Cocoa powder is made after roasting cocoa beans. They come from the cocoa (cacao) tree, native to Mexico. In order to collect the beans, a machete is used to cut the fruits, known as cocoa pods, from the tree. These pods encase between 30 and 40 beans, which are processed to remove their bitterness. They are first fermented, before selecting and roasting. After roasting, they are cooled, broken up and ground. This produces cocoa mass, which contains cocoa butter, a pale yellow fat. The cocoa butter must be removed from the cocoa mass in order to obtain cocoa powder. This step leaves a cocoa press cake, which is ground and sifted.

Cocoa is eaten throughout the year. The cocoa tree has two main flowering seasons each year, but always remains in flower. Cocoa powder for culinary use should be raw and unsweetened. It can be purchased in supermarkets or from chocolatiers. There are as many varieties of cocoa powders as there are varieties of cocoa beans. They differ in flavor, aroma, and nutritional qualities. Be careful not to confuse cocoa powder with powdered chocolate products.

The starch present in cocoa powder makes it difficult to dissolve. If the preparation requires it to be mixed with a liquid, start with a cold liquid to prevent lump formation. It can also be mixed with sugar, depending on the recipe, to separate the starch particles.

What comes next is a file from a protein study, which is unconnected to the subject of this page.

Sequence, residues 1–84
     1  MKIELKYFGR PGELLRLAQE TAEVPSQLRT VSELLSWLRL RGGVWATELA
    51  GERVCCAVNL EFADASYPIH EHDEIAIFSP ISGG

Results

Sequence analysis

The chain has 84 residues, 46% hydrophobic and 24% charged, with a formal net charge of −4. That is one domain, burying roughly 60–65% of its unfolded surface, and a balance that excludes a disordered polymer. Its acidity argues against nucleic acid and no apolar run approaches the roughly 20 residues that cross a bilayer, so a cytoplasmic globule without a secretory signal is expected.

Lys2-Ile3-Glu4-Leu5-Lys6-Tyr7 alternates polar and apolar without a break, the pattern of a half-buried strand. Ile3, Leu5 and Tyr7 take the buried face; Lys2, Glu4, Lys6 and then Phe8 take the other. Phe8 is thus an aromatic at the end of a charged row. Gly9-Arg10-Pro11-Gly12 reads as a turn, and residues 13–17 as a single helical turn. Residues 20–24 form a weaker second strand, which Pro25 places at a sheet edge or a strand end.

Cocoa powder can be made into a hot or cold drink, and is used in pastry making. Two tablespoons of cocoa powder are equivalent to 50 grams of chocolate. Cocoa powder can also be used as to decorate or glaze, for example, on tiramisu.

Cocoa powder can keep for several months provided it is stored in a dry place away from heat and light.

Cocoa powder has nutritional value because it contains relatively high levels of antioxidants (comparable to those of green tea and goji berries). Unlike chocolate, cocoa powder is low in carbohydrates and fat.

There are some twenty varieties of cocoa tree that produce different cocoa beans. Each bean produces a different powder. The most widespread cocoa tree variety is Forastero, which is native to the Amazon region. Its beans have a bitter taste with acidic notes. The finest beans come from Criollo trees, native to Venezuela.